• Hit the books (or database) to find out when the property last sold and where, so my buyers can get a discount/reissue rate on title insurance. Sometimes this requires a trip to the city or county courthouse to check recordation dates and title company names, but it’s decidedly worth the 30% reduction. (The last sale must have been less than 10 years ago.)
  • “Moving” targets — seeded to hurry two different tenants along to get elevator and loading dock reservations nailed down to match their preferred packing/unpacking days. Stress reduction for both.
  • Accomplished two different remote settlements with far away sellers by arranging notary companies to appear, as if by magic, at their Paris hospital bedside (really!) and at their Colorado Springs retreat.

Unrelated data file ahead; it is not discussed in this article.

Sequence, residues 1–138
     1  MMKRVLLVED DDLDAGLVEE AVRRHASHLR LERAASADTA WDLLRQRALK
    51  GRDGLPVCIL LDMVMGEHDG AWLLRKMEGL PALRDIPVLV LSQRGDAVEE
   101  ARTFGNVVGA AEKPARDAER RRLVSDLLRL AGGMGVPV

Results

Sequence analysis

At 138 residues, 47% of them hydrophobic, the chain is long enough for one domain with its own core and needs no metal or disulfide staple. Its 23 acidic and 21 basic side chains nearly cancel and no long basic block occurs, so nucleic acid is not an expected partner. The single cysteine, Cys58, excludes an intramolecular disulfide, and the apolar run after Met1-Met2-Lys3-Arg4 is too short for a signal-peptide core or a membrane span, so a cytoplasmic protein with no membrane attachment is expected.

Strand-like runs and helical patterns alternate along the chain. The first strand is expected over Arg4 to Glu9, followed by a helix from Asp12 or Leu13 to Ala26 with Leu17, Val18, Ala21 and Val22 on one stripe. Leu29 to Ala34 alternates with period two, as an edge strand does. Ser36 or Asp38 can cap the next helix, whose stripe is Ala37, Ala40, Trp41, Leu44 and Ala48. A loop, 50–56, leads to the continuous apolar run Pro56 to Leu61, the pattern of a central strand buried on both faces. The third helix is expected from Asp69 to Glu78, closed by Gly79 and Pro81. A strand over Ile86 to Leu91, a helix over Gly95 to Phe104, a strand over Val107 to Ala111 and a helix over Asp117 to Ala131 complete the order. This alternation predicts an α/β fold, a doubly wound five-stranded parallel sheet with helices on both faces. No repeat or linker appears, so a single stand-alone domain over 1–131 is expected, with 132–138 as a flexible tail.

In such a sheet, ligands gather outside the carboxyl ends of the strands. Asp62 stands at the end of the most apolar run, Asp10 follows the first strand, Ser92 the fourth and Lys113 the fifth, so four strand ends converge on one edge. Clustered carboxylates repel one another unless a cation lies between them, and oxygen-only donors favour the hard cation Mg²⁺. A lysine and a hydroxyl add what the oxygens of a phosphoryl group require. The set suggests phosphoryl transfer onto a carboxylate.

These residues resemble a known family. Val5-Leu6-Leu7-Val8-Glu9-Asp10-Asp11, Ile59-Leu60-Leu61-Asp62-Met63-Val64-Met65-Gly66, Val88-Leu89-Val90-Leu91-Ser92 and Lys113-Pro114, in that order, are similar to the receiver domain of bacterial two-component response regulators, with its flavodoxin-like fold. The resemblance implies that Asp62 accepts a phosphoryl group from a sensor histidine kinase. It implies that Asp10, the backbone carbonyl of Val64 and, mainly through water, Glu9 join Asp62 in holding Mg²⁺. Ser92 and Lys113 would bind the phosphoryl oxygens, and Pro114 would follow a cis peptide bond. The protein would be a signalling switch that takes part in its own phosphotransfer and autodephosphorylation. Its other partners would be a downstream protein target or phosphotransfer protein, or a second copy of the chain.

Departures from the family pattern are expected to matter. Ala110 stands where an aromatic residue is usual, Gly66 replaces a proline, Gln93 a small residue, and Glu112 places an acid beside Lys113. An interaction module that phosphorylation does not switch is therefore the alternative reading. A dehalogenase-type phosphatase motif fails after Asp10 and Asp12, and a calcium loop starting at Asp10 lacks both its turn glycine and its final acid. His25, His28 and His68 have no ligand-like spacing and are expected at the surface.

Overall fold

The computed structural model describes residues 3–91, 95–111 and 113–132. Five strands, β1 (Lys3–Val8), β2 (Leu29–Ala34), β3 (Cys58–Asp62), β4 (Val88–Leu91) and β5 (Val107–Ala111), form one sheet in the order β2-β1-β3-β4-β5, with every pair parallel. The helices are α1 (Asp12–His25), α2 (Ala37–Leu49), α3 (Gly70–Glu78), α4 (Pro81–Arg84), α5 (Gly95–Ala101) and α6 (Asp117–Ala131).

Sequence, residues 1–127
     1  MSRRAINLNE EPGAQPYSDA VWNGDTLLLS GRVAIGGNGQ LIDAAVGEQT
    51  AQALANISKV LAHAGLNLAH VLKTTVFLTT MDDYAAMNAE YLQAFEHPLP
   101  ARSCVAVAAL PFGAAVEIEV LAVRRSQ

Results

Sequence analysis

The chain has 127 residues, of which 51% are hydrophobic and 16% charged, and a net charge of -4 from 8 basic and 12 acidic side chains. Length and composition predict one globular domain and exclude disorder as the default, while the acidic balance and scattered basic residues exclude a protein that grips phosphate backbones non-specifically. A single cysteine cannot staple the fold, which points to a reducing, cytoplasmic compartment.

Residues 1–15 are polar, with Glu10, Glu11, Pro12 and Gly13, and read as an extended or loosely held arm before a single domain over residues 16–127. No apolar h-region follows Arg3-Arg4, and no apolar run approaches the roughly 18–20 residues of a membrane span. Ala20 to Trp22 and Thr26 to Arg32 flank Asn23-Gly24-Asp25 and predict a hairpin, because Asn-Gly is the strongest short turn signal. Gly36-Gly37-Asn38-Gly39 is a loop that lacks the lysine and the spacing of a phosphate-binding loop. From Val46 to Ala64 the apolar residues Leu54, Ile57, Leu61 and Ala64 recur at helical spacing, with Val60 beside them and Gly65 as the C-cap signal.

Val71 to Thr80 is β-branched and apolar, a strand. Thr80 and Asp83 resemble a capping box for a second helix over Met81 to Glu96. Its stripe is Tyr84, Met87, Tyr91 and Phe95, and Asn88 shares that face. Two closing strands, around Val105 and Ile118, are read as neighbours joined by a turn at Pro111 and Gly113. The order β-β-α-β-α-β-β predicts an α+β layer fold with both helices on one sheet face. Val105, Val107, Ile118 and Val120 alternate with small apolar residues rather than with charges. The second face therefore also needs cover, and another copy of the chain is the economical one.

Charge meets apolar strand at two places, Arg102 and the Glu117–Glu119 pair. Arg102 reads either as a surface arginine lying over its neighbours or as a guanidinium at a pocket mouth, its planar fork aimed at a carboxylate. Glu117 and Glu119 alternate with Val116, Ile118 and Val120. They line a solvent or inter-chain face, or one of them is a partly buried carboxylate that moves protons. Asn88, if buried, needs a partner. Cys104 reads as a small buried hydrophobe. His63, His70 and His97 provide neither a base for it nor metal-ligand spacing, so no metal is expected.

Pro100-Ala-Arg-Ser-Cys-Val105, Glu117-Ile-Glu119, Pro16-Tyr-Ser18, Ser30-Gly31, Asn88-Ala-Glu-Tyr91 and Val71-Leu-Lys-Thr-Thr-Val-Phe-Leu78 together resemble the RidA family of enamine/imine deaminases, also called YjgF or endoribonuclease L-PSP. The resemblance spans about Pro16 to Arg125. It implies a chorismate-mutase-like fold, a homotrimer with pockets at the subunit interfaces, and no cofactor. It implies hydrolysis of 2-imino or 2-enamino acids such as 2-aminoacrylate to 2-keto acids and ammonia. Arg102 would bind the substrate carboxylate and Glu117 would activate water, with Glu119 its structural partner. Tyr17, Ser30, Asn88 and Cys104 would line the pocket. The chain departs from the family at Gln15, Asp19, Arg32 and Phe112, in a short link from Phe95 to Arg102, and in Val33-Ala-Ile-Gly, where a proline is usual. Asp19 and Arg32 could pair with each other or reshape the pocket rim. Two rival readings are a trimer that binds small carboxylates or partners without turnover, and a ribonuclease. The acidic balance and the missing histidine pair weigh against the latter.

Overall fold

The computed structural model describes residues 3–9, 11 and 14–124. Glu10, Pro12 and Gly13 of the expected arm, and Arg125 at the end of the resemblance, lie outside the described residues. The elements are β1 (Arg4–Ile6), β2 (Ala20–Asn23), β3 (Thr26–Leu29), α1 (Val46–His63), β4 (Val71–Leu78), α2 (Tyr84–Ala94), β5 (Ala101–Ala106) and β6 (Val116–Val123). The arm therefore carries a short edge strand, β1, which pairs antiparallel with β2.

Specific suggestions:

A. Create a unique calendar for your purchase/sale/rental/tenancy and match it with a checklist. Watch those “exit ramps” and deadlines. Lean on your Realtor for guidance and keep track of your travel and commitments.

B. Get on “the list” now — whether you need a refrigerator, new carpet, painting or repairs, it’s hard to get work accomplished due to a broken supply chain or swamped resource people. COVID and those shutdowns have had layers of unexpected consequences. People are waiting months for A/C systems.

C. 1. Actually read the sales contract. Set aside a couple of hours, and pour a glass of wine, but do look at the terms, timelines and commitments involved. Written in English and scrubbed of ponderous legalese now, take time and a yellow highlighter to identify questions in your contracts and leases.